I found the dichotomy of Callum and Mhairi the landlord’s daughter (and yes that chapter title gave me an earworm Danny!!) to be incredibly interesting. A bridge between the modern mindset and those too close to the wild to be so naive.
Callum is the weary, indentured teenager who encounters on their journey a strange woman singing and washing a shirt in the broch, immediately takes to the young foundling girl accused of being a Changeling, and is unconvinced from the beginning of the wolf explanation. He is uneducated and illiterate but raised within the cynicism of the southern territories, though superstitious enough to make a wish and almost welcomes this existence on the cusp of magic.
On the other hand Mhairi is this wayward spirited girl with an almost anachronistic (in a good way) gumption, she knows what people say about her foundling origins and indulges in it yet takes no nonsense. She is educated, literate, multi-talented yet an Earth child of the woods happier within the Forest and speaks of how humanity has lost its way through civilisation and economics. She is not a manic pixie dreamgirl however, but she is a spark of Fae with the knowledge of man and the scene where she takes him to the firefly speckled Clootie Well is one of my absolute favourites.
Their dichotomy of contradiction and paradox and juxtaposition to each other within the plot challenges and tumbles expectations and crash against each other and our own interpretations in this fascinating and compelling way.
‘I came to understand the way we live now… That’s not how we’re meant to be. Because you see, we are just babes ourselves, only in this world for a few score years. The forest has been there since the beginning of time, and when we are long turned to dust it will still be there. Watching.’Mhairi to Callum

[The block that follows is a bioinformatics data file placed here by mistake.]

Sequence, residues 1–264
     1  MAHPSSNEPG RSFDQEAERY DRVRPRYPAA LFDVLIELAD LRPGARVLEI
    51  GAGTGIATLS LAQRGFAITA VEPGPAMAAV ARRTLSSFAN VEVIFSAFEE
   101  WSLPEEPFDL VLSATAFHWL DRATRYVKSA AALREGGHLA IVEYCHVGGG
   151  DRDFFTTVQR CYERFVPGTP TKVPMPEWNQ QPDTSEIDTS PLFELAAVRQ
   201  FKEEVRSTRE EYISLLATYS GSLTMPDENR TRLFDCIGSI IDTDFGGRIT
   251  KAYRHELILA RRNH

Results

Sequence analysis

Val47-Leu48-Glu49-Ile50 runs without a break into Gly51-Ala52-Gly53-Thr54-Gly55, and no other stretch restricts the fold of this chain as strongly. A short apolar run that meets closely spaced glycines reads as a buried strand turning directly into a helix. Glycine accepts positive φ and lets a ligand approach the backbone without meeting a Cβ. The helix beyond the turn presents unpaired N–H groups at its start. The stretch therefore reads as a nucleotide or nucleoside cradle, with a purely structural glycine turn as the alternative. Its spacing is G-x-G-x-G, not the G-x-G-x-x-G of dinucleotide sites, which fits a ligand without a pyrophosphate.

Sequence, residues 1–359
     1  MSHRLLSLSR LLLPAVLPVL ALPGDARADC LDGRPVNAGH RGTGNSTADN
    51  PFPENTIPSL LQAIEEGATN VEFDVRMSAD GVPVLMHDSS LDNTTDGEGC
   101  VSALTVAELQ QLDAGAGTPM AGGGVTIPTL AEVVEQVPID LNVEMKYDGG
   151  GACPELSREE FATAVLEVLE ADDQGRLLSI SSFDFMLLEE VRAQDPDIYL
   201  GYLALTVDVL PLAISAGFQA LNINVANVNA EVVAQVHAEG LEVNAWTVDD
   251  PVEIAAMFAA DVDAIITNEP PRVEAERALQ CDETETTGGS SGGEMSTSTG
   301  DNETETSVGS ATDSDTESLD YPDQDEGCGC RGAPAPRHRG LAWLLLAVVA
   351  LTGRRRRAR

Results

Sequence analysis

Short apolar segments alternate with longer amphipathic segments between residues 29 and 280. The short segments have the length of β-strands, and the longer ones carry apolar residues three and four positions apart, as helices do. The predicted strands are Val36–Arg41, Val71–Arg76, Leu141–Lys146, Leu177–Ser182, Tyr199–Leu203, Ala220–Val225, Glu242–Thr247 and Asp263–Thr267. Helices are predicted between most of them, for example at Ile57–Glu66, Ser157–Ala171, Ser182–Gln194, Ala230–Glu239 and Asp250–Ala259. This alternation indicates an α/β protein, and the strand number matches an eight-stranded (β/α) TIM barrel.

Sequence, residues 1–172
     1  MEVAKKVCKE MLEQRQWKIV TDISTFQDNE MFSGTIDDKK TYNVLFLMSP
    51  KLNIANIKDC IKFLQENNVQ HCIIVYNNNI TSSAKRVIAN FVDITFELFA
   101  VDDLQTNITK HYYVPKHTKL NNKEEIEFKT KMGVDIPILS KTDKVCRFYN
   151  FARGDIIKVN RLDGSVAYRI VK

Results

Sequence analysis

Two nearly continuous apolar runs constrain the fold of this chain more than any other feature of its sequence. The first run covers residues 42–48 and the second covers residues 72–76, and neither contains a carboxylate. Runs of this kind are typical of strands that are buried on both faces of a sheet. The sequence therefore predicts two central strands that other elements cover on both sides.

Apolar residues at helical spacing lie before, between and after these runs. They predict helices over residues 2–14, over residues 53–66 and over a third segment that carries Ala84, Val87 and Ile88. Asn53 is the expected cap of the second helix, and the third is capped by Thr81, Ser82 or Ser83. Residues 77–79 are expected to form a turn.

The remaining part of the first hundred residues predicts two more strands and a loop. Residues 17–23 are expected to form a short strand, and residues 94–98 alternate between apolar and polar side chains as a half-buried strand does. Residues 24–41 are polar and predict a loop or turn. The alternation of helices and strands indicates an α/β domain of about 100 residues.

The most powerful lesson that emanates from The Hunter’s Moon is the disconnect of modern society with nature and how sometimes nature bites back.
In the book. Weston explores disrespect given by society to nature, divorcing and neglecting the power of forests & natural spaces that we all feel sing in our blood when we step into the wild and the ridicule towards our heathen past in harmony with the land in favour of money and status.
Weston wrote this within the context of the world pandemic, whether you take this as an allegory for the natural world fighting back against humans through a zoonotic virus, or see it as the pausing of the world revealing what humans had lost once the space given for flamingos to return to waters, whales to swim up the Hudson and other species to flourish in the absence of the usual dominance of human activity it makes an interesting thought to the views of those like Colonel Chivers who acts against nature for his own personal gain with disregard for the consequences.
For lovers of classic sagas, historical fiction and well written superstitious folklore laden horror, this truly is a feast.
A Hunter’s Moon by Danny Weston is published by UCLan